The Underground Railroad by Colson Whitehead

Reviewed by Katy Zignego (Library Staff)

In order to keep my Cultural Literacy card current, I try to read the Pulitzer Prize and National Book Award winners each year. Since The Underground Railroad won both these honors, I was excited to check two boxes off my reading list. But I had already heard buzz about the book, and I wasn’t sure I would like it. The result of these opposite impulses was that I checked the book out a couple months ago, then kept reading other things while it sat on my to-read shelf. After three renewals, the library was demanding that I return their property or face the wrath of Mr. Bookman, so I started reading.

And then I couldn’t stop. Colson Whitehead went to the tired old well of “slavery times” and came back with his bucket overflowing. The Underground Railroad is a tour de force of strong, leap-off-the-page narrative, coupled with a fresh and arresting historical commentary. This book is going to be read and analyzed in American Literature classes for decades to come, right alongside The Adventures of Huckleberry Finn.

I can’t quite identify what it is about Whitehead’s writing that makes it so good. It isn’t necessarily terse, but no word is wasted. Every single syllable is working toward the goal. It reminds me of Picasso’s paintings–a relatively few strokes, perfectly executed, can convey far more than ten thousand dabs from the brush of an amateur. In fact, now that I’ve introduced the metaphor, I might say that The Underground Railroad reminds me of Guernica. Technically simple, yet masterful and shockingly powerful.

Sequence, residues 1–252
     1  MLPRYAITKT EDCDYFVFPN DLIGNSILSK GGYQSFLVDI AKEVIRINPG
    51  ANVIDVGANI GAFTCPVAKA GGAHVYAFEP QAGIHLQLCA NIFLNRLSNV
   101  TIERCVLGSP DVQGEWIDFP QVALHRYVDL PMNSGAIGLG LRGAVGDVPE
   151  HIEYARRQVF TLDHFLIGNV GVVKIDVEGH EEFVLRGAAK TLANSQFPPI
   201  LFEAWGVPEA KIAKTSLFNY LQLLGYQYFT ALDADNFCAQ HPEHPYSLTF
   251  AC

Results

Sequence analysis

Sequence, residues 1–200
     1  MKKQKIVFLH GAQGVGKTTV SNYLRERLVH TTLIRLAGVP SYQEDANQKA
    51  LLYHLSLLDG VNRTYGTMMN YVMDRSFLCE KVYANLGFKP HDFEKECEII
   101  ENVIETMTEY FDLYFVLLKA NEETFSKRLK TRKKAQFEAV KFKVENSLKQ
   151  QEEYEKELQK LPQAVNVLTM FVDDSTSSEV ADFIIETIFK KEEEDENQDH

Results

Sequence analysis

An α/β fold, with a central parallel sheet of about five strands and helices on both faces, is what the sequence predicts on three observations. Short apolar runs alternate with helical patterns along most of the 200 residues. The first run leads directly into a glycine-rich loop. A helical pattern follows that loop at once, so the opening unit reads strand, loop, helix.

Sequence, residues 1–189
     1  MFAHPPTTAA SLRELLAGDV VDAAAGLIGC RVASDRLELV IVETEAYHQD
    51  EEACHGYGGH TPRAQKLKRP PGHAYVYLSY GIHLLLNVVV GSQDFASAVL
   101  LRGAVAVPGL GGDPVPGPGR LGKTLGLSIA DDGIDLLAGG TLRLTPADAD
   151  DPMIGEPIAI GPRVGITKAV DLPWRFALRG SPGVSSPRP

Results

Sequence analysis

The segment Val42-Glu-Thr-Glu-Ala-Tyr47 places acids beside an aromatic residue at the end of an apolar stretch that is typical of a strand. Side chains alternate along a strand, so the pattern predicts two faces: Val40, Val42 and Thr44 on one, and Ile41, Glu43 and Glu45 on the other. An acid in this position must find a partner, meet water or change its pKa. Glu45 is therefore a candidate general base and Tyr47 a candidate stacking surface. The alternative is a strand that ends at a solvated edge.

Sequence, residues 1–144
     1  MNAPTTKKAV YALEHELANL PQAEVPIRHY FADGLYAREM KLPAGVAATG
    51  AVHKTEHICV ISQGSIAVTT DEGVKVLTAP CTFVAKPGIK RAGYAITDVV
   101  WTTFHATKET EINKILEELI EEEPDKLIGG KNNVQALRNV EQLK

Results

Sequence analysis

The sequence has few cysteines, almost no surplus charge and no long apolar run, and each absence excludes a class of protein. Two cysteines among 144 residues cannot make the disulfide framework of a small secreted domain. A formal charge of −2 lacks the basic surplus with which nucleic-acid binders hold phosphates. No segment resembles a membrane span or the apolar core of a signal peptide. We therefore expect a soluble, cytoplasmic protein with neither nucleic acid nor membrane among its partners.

It’s easy to say why the book is so powerful. Whitehead takes a story we all know from third-grade U.S. history–the harrowing tale of an escape from slavery–and makes it anew. The protagonist, Cora, is beautifully drawn, and the plot walks a narrow path between the too gentle and the too graphic. But then the author uses a brilliant dash of magical realism (magical historicism?) to make the point that all other treatments of the topic have muddled. Each state, in the world of The Underground Railroad, has a different attitude toward the Railroad’s escapees. In South Carolina, Cora’s first stop, they are treated kindly by the whites but “encouraged” into segregated housing and selectively sterilized. In North Carolina, they are simply lynched, so the state need not decide what to do with them. At each stop, Cora encounters another, different attempt by the white population to deal with the problem of the free African American. This commentary on American race relations–past and present–is the boldest I have read in a novel in many years. It is the stuff many a dissertation will be made of, and rightly so.

Get a copy of The Underground Railroad and read it now. Then save it on your bookshelf for a few decades, so you can tell your granddaughter that you read her homework way back in 2017.

Located in Adult Fiction (FIC WHITEHEAD)

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